During the late 1990s, as governments tried to gain some legislative control over the Internet, the practice of cybersquatting became front page news. A cybersquatter would register domain names which had the potential of becoming popular or lucrative. The cybersquatter would either use the domain name to generate traffic or attempt to resell it at an inflated price. The practice of cybersquatting became much more difficult with the passage of legislation such as the Anticybersquatting Consumer Protection Act (ACPA). But a savvy cybersquatter could always become an even more successful typosquatter.
A typosquatter registers domain names which closely resemble high-traffic websites, but feature common misspellings and consumer confusions. A typosquatter might register several domain names like Anazon.com, Amazzon.com, Amazons.com and so on. Customers seeking the real Amazon.com website may accidentally type the wrong URL, which directs them to one of the typosquatter's own websites. These websites are usually nothing more than a collection of lucrative click-through advertisements. In some cases, the sites are pornographic. Even using .net instead of .com can lead to a typosquatter's website.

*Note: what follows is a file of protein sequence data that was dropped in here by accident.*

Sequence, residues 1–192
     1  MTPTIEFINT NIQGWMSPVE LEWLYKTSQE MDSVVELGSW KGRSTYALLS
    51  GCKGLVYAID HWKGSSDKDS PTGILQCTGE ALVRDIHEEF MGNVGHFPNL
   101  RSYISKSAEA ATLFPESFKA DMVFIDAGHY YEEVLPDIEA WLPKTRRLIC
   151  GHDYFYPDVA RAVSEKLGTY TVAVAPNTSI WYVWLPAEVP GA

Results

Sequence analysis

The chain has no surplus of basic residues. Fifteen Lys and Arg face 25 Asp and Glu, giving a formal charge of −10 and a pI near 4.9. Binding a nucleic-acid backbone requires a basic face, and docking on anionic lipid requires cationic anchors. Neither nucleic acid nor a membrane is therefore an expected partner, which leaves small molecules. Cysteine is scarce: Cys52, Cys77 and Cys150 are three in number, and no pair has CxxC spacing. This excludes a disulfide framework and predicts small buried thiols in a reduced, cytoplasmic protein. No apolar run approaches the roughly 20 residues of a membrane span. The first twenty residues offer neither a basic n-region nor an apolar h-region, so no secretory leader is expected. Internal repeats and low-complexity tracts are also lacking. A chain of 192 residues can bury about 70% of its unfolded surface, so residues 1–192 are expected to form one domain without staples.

Another trick used by typosquatters is to register domain names using one or two adjacent letters. Consumers in a hurry might type in smazon.com or hoogle.com, since the letters 's' and 'h' are adjacent to the correct letters on the keyboard. A typosquatter will often register dozens of these typo-laden domain names.
In addition, a typosquatter may register variations such as NobleandBarnes.com, BensandJerry.com or JenniferLopes.com. Their hope is that some customers will not know the exact URL of the company's website, so they will input something similar. Even an missing hyphen can cause a web surfer to be rerouted to a typosquatter's lair. From there, escape is impossible without clicking on several pop-up ads, a practice known as 'mousetrapping'.
Some cybersquatters may have believed the Anticybersquatting Consumer Protection Act did not extend to typosquatting, but they were wrong. In a landmark ruling, a major typosquatter was severely penalized for deliberately registering confusing domain names modeled after the Joe Cartoon franchise. The court ruled that his registered misspelled or similar-sounding domain names created confusion in the marketplace. The language of the ACPA does indeed extend to typosquatting, since both cybersquatting and typosquatting are not covered under fair use laws. A typosquatter depends on consumer error to earn a profit, which the court determined infringed on the trademark rights of the authentic domain name owner.